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THE SAINTONS AT TOULOUSE.

(From the Journal de Toulouse).

Nous avons dit hier, en quelques mots rapides, que la Societe chorale de Clemence-Isaure avait donue une serenade a notre concitoyen M. Sainton. Cct hommage rendu au caractere et au talent d'un artiste de notre ville avait reuni a l'hotel de l'Europe un grand nombre d'amis de M. Sainton.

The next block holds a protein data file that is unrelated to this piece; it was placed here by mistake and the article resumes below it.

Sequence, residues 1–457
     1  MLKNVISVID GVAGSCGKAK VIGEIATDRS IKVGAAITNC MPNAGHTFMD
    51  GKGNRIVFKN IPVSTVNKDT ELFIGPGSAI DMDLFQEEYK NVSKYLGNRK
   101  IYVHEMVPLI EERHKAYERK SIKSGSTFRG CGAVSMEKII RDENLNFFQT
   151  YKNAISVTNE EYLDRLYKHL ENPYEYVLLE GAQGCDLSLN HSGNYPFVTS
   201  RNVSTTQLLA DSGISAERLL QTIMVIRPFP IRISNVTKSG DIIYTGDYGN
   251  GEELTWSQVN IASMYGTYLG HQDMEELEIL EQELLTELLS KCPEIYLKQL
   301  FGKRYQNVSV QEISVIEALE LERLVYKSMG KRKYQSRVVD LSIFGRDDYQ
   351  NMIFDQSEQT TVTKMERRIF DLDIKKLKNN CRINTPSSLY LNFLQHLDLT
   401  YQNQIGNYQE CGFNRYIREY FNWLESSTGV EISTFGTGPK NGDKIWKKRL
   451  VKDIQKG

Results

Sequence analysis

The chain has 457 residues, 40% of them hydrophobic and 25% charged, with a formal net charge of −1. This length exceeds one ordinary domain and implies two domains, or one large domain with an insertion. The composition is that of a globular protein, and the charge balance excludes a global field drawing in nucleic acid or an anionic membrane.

Apres l'execution de la Polka de Laurent de Bilk', du Veni Creator de Besozzi, et du Combat naval, dont notre compatriot* avait emporte' un bon souvenir a la suite du concert qu'il donna id, ii y a dix-huit mois, M. Sainton est venu remercier les Orpheonistcs et les feliciter de l'ensemblo qu'ils avaient montre dans l'intepretation de ces morceaux. Aux paroles bienveillsntes et flatteuses de M. Sainton, Mme. Sainton, nee miss Dolby, a vonlu joindre ses compliments et temoigner comme elle etait sensible a l'attention de l'Orpheon toulousain. Elle ne pouyait le